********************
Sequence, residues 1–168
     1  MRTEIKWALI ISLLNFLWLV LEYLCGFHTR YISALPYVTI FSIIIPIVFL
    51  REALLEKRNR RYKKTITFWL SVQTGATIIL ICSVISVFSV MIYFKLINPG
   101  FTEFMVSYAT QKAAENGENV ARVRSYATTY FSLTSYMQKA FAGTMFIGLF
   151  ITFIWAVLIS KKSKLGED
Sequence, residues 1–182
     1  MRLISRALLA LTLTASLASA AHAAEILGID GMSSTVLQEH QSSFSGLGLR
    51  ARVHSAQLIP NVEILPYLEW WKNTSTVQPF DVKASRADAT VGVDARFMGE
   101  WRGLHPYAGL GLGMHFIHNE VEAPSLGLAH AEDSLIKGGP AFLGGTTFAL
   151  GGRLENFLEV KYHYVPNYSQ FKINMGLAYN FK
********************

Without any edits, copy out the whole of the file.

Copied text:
Sequence, residues 1–168
     1  MRTEIKWALI ISLLNFLWLV LEYLCGFHTR YISALPYVTI FSIIIPIVFL
    51  REALLEKRNR RYKKTITFWL SVQTGATIIL ICSVISVFSV MIYFKLINPG
   101  FTEFMVSYAT QKAAENGENV ARVRSYATTY FSLTSYMQKA FAGTMFIGLF
   151  ITFIWAVLIS KKSKLGED
Sequence, residues 1–182
     1  MRLISRALLA LTLTASLASA AHAAEILGID GMSSTVLQEH QSSFSGLGLR
    51  ARVHSAQLIP NVEILPYLEW WKNTSTVQPF DVKASRADAT VGVDARFMGE
   101  WRGLHPYAGL GLGMHFIHNE VEAPSLGLAH AEDSLIKGGP AFLGGTTFAL
   151  GGRLENFLEV KYHYVPNYSQ FKINMGLAYN FK